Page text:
New UNF poll shows Curry outpaces Brosche in Jacksonville mayoral race

Majority say crime is most important issue facing Jacksonville


The Public Opinion Research Lab at the University of North Jacksonville has a new poll of likely voters that reveals Republican incumbent Lenny Curry is in the lead for the upcoming mayoral election in Jacksonville, with Anna Lopez Brosche a distant second. The survey also shows that a majority of respondents believe crime is the most important issue facing Jacksonville today.

  The poll, comprised of likely Jacksonville voters, shows that 52 percent of respondents plan to vote for Curry. Regarding the other mayoral Republican candidates, 15 percent plan to vote for Brosche and 3 percent for Jimmy Hill. Six percent of likely voters plan to vote for Omega Allen, the only candidate without a party affiliation, 3 percent indicated that they would vote for another candidate and 22 percent don’t know who their choice will be for mayor. 

Among Democrats, 25 percent indicate they plan to vote for Curry, 25 percent for Brosche, 12 percent for Allen and 2 percent for Hill. Thirty-two percent of Democratic likely voters don’t know for whom they’ll cast their vote. Of Republican likely voters, 78 percent say they will vote for Curry, while only 4 percent indicate they’ll vote for Brosche, 4 percent for Hill and 1 percent for Allen. Thirteen percent don’t know. 

Additionally, the poll shows that 62 percent of likely voters in Jacksonville believe crime is the most important issue facing Jacksonville, followed by education at 13 percent. Of those who believe crime is the most important issue, 58 percent plan to vote for Curry, while 13 percent plan to vote for Brosche. Of likely voters who said education is the most important issue, 51 percent plan to vote for Curry and 14 percent plan to vote for Brosche. 

“The election is upon us, absentee ballots have been mailed out and early voting begins in less than two weeks,” said Dr. Michael Binder, faculty director of the Public Opinion Research Lab at UNF. “It’s very late in the game to dramatically change the narrative of these races.”

When asked who they would vote for in the 2019 election for Jacksonville Sheriff, 56 percent said they would vote for Mike Williams, the incumbent Republican, while 33 percent of likely voters claimed they would vote for Tony Cummings, the Democrat. For the Property Appraiser election, 57 percent indicated they would vote for Jerry Holland, the incumbent Republican, and 28 percent for Kurt Kraft, the Democrat. In the election for Tax Collector, incumbent Republican Jim Overton has 47 percent, followed by Democrat John R. Crescimbeni at 35 percent.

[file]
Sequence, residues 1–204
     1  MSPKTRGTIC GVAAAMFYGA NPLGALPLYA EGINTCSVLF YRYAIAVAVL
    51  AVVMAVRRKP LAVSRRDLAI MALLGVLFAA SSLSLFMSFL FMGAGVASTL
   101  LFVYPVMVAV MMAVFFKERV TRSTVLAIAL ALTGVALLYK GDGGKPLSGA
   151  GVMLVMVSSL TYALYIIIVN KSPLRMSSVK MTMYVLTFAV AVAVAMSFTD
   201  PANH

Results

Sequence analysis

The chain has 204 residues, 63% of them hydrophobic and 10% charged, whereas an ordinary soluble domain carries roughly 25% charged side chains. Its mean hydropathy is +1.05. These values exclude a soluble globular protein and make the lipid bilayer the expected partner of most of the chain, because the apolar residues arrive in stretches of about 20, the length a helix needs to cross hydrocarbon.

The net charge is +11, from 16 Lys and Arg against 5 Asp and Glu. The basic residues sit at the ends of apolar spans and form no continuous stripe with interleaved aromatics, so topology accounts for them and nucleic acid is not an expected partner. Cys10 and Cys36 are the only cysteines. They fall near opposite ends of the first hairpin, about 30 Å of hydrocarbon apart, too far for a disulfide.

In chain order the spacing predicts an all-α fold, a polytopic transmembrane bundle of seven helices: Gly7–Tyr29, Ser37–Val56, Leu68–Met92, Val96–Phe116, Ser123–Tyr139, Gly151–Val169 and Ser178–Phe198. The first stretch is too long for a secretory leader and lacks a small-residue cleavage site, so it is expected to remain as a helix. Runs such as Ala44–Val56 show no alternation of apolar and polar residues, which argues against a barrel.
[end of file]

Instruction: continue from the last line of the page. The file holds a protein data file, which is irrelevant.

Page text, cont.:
In the Jacksonville City Council At Large elections, there was a great deal of variation. For At Large Group 1, Lisa King, the Democrat, is ahead with 32 percent, followed by the Republican candidates: Jack Daniels, Terrance Freeman and Gary Barrett, with 10 percent, 5 percent, and 5 percent, respectively. A large number of likely voters — 45 percent — aren’t sure where they’ll cast their vote. In At Large Group 2, 36 percent of likely voters indicated they would vote for Republican Ron Salem and 35 percent for Democrat Darren Mason, with 29 percent undecided.

In the election for At Large Group 3, incumbent Democrat Tommy Hazouri is ahead with 38 percent, followed by Republican Greg Rachal at 26 percent. The other Democrat, James C. Jacobs, has 12 percent, and 25 percent don’t know. At Large Group 4’s candidates are all Republicans, with Matt Carlucci at 43 percent, Don Redman at 14 percent and Harold McCart at 3 percent of likely voters. Forty percent are undecided. In At Large Group 5, 31 percent of likely voters indicated they would vote for Samuel Newby, the incumbent Republican, followed by Chad Evan McIntyre, the Democrat, with 29 percent. The candidate with no party affiliation, Niki Brunson, is at 6 percent and 34 percent don’t know. 

“All of the races, and especially the At Large Council seats, have large proportions of ‘don’t know’ responses,” Binder noted. “Also, it’s important to remember for races with multiple candidates, if nobody gets to 50 percent, there will be a run-off for the top two candidates in May.” 

For details about the methodology of the survey and additional crosstabs by partisanship, sex, education, race and age. go to


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